Lake Worth area home gets historic designation

Photo courtesy of Quentin McGown

The Foster House is the first mid-century modern residential structure in Tarrant County to be listed in the National Register of Historic Places.

A Fort Worth home designed by a protege of architect Frank Lloyd Wright now has a historic designation.

The Fort Worth City Council voted Feb. 2 to designate the Eldred W. Foster House as a Historic and Cultural Landmark. The house is located on Heron Drive on the southwest shore of Lake Worth. Quentin and Laurie McGown are the house’s current owners.

The house is named after engineer Eldred W. Foster, who built it in 1951. The house was designed by the architectural firm Raymond and Rado; architect Antonin Raymond had previously worked as the chief designer for Wright during construction of the Imperial Hotel in Tokyo in 1921.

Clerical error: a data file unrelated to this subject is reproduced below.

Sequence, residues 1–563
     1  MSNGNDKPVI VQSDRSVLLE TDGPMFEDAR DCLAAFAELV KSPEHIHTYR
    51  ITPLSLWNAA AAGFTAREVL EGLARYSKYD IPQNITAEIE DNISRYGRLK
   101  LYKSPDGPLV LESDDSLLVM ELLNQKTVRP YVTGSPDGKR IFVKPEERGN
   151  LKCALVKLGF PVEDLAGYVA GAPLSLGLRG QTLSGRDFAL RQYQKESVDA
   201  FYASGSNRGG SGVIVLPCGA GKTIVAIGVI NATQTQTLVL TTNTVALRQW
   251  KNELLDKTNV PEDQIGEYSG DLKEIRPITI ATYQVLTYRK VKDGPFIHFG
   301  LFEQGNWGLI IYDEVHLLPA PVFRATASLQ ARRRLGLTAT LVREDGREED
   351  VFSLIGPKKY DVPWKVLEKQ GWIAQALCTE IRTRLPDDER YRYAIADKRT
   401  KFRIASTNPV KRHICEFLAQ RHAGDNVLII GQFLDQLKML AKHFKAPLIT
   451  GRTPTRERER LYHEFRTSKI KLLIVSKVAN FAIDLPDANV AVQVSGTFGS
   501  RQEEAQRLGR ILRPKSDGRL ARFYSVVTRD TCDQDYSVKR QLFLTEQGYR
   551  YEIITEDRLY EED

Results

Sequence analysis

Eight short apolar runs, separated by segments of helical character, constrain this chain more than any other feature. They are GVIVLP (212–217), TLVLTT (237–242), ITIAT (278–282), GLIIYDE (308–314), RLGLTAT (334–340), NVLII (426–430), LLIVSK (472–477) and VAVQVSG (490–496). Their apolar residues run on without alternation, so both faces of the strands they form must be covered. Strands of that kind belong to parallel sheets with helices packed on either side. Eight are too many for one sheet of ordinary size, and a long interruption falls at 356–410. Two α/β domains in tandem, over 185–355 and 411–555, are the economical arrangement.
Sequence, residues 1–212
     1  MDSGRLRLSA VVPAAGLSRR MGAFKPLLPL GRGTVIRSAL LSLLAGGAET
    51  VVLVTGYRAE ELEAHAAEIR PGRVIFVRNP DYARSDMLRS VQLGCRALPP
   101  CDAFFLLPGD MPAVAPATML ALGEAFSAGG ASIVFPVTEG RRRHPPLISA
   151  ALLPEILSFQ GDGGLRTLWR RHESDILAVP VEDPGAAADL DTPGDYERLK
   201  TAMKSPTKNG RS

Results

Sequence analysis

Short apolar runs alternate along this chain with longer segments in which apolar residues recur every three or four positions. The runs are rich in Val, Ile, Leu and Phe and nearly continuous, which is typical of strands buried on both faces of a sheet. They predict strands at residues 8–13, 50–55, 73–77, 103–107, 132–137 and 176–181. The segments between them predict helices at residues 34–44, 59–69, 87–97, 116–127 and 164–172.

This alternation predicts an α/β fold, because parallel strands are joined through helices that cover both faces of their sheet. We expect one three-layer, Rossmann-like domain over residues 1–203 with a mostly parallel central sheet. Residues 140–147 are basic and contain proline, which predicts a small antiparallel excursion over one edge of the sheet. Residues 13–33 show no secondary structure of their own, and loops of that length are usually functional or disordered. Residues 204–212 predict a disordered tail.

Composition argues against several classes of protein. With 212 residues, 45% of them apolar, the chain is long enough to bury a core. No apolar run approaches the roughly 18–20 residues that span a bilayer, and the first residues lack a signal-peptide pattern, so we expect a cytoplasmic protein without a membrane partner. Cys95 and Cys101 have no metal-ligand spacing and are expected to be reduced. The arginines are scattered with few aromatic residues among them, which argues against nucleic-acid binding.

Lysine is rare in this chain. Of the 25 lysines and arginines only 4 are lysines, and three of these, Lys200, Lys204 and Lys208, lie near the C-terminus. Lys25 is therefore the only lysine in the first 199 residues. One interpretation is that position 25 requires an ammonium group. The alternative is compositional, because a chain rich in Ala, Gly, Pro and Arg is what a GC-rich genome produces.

The Foster house is Fort Worth’s first documented example of a residence built in the “expandable house” style of mid-century modern architecture, according to a city staff report. That architectural style is characterized by flat or slightly pitched roofs, open living areas with large hearths and large sheets of glass. An “expandable house” had a floor plan that included a main house plus room for additional space, such as an extra bedroom that could be built in the future.

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The house received a historic designation from the National Register of Historic Places in 2012. Quentin McGown, a former chairman of Fort Worth’s Historic and Cultural Landmarks Commission, said he and his wife wanted the house to have a local designation as well.

“Preserving what we can is important,” he said. “It’s fun for my wife and I to be able to do something that we’ve certainly encouraged lots of other people to do over the years.”